Paroxetine is a selective serotonin re-uptake inhibitor (SSRI) commonly used in the treatment of depression [10]. The capability of paroxetine to inhibit CYP2D6-mediated drug metabolism has been known for years [11, 12]. Previous evidence demonstrates that paroxetine may cause clinically significant drug interactions [13, 14].

Itraconazole is an antimycotic which has been shown to have clinically significant drug interactions with many drugs metabolized by CYP3A4 enzyme [15–19]. It is classified as a strong inhibitor of CYP3A4 and its use as a standard CYP3A4 inhibitor has been recommended in drug–drug interaction studies [20].

The aim of this study was to find out whether the inhibition of CYP2D6 with paroxetine or the inhibition of CYP2D6 and CYP3A4 with a combination of paroxetine and itraconazole altered the pharmacokinetics and pharmacodynamics of orally administered oxycodone.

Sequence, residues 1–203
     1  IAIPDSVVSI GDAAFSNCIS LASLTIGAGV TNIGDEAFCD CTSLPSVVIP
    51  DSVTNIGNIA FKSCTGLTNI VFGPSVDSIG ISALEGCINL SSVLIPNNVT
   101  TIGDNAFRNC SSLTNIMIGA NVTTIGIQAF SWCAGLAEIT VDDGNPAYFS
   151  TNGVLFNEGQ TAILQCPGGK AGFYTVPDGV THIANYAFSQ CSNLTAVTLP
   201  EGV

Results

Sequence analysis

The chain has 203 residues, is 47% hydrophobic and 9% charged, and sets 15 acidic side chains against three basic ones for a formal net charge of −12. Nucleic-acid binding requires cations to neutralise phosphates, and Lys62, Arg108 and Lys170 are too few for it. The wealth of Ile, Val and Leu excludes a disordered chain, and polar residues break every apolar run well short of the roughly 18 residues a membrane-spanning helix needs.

Study participants

In view of previous studies, it was calculated that 10 subjects would be required to demonstrate a 30% difference between the largest mean and the smallest mean in the area under the oxycodone plasma concentration–time curve at a level of significance of P= 0.05 and power of 80% [3]. In order to prepare for dropouts, 12 healthy non-smoking subjects were enrolled. All subjects gave written informed consent. Subjects were ascertained to be healthy by clinical examination including an ECG and basic blood chemistry tests. None of the subjects was receiving regular medication including oral contraceptives or taking any natural products. Urine drug screen and pregnancy tests were negative. The risk of participants to develop drug abuse was considered low as evaluated by the Finnish version of the Abuse Questions [21].